Monday, August 6, 2018

Brother Time

July was a wonderful month for me, as I got to reconnect with my sister and then my brother, who both live miles away, not only from me, but from each other. One of these days we will have to plan some quality time for the three of us together, like I've enjoyed with each of them separately this summer.

The Outer Banks of North Carolina may be advertised as a quality vacation spot for families, but the only attraction for me was my family who lives there. Isn't family the greatest attraction God has created for us? Of course, it is. And I took full advantage of it during my always-too-brief visit with them.

Of course, we did have our "token" beach time in North Carolina, bringing back childhood memories of splashing in the waves, sinking our toes in the sand, and soaking up the sun. I have lived in the glorious, mountainous Northwest, and now enjoy the green, rolling prairies of the Midwest, but I also love the sandy, white beaches of our country's shorelines.

Maybe it's the sounds and smells of the seashore that make it so special as part of God's creative handiwork. You can't hear the mountains or the prairie, except for occasional bird calls or insect sounds (although one is attracted to the peaceful silence there). But when you find yourself on a beach, your senses are instantly engaged fully. The sight of water as far as the eye can see, the roaring sound of waves crashing, even the salty smell from the ocean water, wash over and engulf you, drawing you close to God.

However wonderful my time in nature was though, I still felt especially close to God by the opportunity to spend time with my brother and his family again. My mind is filled with thankfulness and yearning to be with them more. I can't wait for heaven, where we'll have an eternity to enjoy each other's company. I have faith that, not only will my husband be there, who I miss dearly, but also many of my loved ones. Now, there's a vacation/reunion I don't want to miss!

My brother Everett--missing you again already!



Wednesday, July 11, 2018

Sister Time

I've been looking forward to July all year. My sister from Florida came for a visit--that was the first highlight I knew was coming. It was sweetened for us both by getting to attend her youngest son's wedding in Omaha. It was a simple affair, but rich with tradition and beauty, with just a few family members and friends in attendance. They got married by a judge on the back deck of the bride's mother's house. Then we all went to a restaurant for dinner. Low key, no fuss, no muss. It was a delight to be there for the event.

The next item on my agenda is another airplane trip to see my brother and sister-in-law in North Carolina's Outer Banks. I haven't seen them for several years, so am really looking forward to our visit. Also hoping for another look at the ocean which I miss, having grown up with the Atlantic Ocean literally across the street from us!

It seems odd to make plans and visits like this without weaving Dean's care into the picture. Thoughts of previous trips, with and without him, keep tumbling into my mind. But I refuse to let them sour my adventures. Life with Dean was such an adventure, and I'm discovering that our experiences together only served as an enrichment to life that I still have the privilege of enjoying.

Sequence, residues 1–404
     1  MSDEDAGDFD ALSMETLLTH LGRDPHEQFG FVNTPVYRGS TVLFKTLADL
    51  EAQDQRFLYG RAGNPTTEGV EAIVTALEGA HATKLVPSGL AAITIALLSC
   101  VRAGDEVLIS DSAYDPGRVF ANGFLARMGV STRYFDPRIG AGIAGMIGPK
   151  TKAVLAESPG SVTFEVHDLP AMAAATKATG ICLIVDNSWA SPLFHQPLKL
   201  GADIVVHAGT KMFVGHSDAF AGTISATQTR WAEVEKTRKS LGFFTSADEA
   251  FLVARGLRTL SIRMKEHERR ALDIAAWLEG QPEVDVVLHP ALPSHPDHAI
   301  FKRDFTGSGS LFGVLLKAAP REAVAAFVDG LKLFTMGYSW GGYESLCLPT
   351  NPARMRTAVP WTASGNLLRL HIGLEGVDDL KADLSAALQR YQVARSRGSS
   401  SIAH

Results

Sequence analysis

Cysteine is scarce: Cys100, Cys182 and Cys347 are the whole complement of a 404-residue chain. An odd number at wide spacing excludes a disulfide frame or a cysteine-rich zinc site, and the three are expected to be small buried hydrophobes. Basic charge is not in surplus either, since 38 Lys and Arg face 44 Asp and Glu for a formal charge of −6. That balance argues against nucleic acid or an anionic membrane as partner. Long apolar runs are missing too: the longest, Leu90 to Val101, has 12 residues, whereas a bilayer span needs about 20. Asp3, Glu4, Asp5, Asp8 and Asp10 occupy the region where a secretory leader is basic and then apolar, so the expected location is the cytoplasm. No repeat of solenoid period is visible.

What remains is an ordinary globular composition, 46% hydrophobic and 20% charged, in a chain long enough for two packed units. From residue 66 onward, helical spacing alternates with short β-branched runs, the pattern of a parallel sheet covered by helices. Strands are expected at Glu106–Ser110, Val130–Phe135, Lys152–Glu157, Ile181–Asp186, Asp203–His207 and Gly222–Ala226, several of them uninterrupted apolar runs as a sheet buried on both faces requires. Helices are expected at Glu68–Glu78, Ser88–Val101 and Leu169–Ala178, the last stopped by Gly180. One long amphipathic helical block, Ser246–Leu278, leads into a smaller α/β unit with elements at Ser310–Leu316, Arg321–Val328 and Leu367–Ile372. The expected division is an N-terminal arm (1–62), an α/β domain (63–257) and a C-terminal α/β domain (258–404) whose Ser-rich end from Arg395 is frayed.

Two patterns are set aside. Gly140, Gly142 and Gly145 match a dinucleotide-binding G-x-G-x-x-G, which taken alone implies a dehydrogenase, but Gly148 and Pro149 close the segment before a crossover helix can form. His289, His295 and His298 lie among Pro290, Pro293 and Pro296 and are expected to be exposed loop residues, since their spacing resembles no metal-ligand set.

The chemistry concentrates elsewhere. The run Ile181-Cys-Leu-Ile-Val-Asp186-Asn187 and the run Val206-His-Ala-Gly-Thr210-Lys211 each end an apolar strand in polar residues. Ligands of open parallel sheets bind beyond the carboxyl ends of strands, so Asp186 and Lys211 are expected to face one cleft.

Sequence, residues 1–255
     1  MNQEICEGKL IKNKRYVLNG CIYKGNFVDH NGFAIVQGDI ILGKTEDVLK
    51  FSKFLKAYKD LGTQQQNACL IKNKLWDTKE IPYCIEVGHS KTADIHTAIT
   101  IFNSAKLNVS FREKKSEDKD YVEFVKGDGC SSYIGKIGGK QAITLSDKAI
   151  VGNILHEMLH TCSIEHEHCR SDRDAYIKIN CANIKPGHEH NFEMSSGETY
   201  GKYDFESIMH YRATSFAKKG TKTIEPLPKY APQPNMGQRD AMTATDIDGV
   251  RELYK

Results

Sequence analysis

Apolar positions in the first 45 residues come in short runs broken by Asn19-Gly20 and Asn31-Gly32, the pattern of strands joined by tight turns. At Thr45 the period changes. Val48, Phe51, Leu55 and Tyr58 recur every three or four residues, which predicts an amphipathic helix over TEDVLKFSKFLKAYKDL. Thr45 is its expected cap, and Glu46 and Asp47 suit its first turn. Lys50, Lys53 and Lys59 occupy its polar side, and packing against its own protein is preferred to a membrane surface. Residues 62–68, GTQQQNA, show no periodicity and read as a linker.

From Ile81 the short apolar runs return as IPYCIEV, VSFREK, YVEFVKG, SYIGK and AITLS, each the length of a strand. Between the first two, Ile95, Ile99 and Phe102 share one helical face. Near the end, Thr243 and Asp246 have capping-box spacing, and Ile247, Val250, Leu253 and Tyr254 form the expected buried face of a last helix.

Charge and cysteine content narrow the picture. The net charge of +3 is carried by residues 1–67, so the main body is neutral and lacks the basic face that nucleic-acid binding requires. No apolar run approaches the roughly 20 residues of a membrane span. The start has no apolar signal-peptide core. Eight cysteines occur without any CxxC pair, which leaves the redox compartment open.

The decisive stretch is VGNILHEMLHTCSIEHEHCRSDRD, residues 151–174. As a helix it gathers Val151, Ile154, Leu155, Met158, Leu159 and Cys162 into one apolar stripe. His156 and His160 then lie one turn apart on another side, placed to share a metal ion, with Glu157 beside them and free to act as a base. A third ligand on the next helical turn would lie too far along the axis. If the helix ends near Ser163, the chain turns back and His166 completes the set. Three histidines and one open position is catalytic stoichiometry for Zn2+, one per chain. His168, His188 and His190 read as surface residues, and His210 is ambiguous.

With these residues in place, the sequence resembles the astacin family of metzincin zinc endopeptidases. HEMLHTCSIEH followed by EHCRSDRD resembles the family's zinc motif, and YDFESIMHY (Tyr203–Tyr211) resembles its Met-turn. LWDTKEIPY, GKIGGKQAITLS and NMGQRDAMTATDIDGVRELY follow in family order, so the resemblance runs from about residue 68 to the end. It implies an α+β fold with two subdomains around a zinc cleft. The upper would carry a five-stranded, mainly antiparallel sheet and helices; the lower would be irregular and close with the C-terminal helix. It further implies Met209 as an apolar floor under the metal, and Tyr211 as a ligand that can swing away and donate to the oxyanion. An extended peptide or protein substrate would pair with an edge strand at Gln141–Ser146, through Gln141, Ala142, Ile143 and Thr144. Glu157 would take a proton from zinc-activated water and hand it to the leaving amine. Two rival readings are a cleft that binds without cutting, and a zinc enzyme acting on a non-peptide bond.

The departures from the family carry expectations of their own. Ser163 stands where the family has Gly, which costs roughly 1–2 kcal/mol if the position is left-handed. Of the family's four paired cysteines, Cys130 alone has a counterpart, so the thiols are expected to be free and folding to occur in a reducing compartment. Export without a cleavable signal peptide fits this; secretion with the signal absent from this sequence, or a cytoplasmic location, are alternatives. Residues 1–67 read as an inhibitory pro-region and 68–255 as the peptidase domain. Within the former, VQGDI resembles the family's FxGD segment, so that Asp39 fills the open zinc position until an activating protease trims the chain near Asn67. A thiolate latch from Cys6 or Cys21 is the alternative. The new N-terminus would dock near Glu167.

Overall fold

So long as the good Lord provides the opportunity, I will seize it and will try to let the blessings flow. Because I know Dean would want it that way. I carry him in my heart, right next to the God who joined us in the first place.

Sisters forever!
 
...til death do us part...thinking about in particular

Thursday, June 14, 2018

Beauty of Laughter for Ashes

It wouldn't seem right not to include all the milestones of my life, following Dean's passing away last February. My first birthday, Easter, church camp meeting, etc. without him.

Perhaps a real biggie should have been our anniversary on June 6th. But up until June 5th, I hadn't even given it a single thought. Just been keeping busy with other things, and it wasn't on my radar. I'm sure I would have thought about it when the actual day came, and hopefully it wouldn't have been tainted with too much sadness.

My two granddaughters remembered though. Yes, only 8 and 10 years old, and they recognized the day's significance. Perhaps their mom, my daughter, initially mentioned it to them.

Both girls were quite secretive with their plans that day before our anniversary. It was my assigned day to "watch" them while mom and dad worked. It wasn't until their mom came to pick them up that afternoon, that I got to see what was behind their whispers all day. They had evidently come up with a scheme to make Grandma happy, instead of sad, on her anniversary.

A skit, featuring Grandpa, gave me some powerful laugh medicine. They dressed up like him (using one of his flannel shirts and sweatpants still in his closet). "He" came sauntering down the hallway with his cane. All I saw was Julia's face, hidden behind a "beard" they had created out of cotton, glued onto a white piece of paper and held onto her face with bread ties.

Funniest of all was what gave her the height she needed to be like Grandpa. She was cleverly sitting on top of her big sister Jenna's shoulders, underneath all Grandpa's clothing. "He" was truly a sight to be seen, even though I couldn't actually see Jenna. Obviously, I couldn't help but laugh at their accurate portrayal of him.

Then, the funniest part of all. This "apparition" standing before me began to talk. "He" said all the things Dean would have said in a little girl-deepened voice! "Let's go for a hamburger. Can I have a Coke and a candy bar? What's for supper? When's supper?" It was just too funny. They had heard those lines almost every time they were around Grandpa.

I was definitely going to remember their skit, just as they were going to remember Grandpa. And both memories will have a tendency to bring laughter and joy to our lives, rather than tears.

Reminding me of this verse:
"To console those who mourn in Zion, to give them beauty for ashes, the oil of joy for mourning..." Isaiah 61:3


Saturday, June 2, 2018

Everything for my Happiness

Today as I participated in a yearly church event, known as camp meeting, I actually experienced so much joy and freedom that I almost feel guilty for enjoying it so much. Recently widowed, I would have thought the experience would bring me more pain and regret since Dean isn't here to enjoy it with me. And, of course, there was a touch of sadness with his absence, but nothing like one would expect.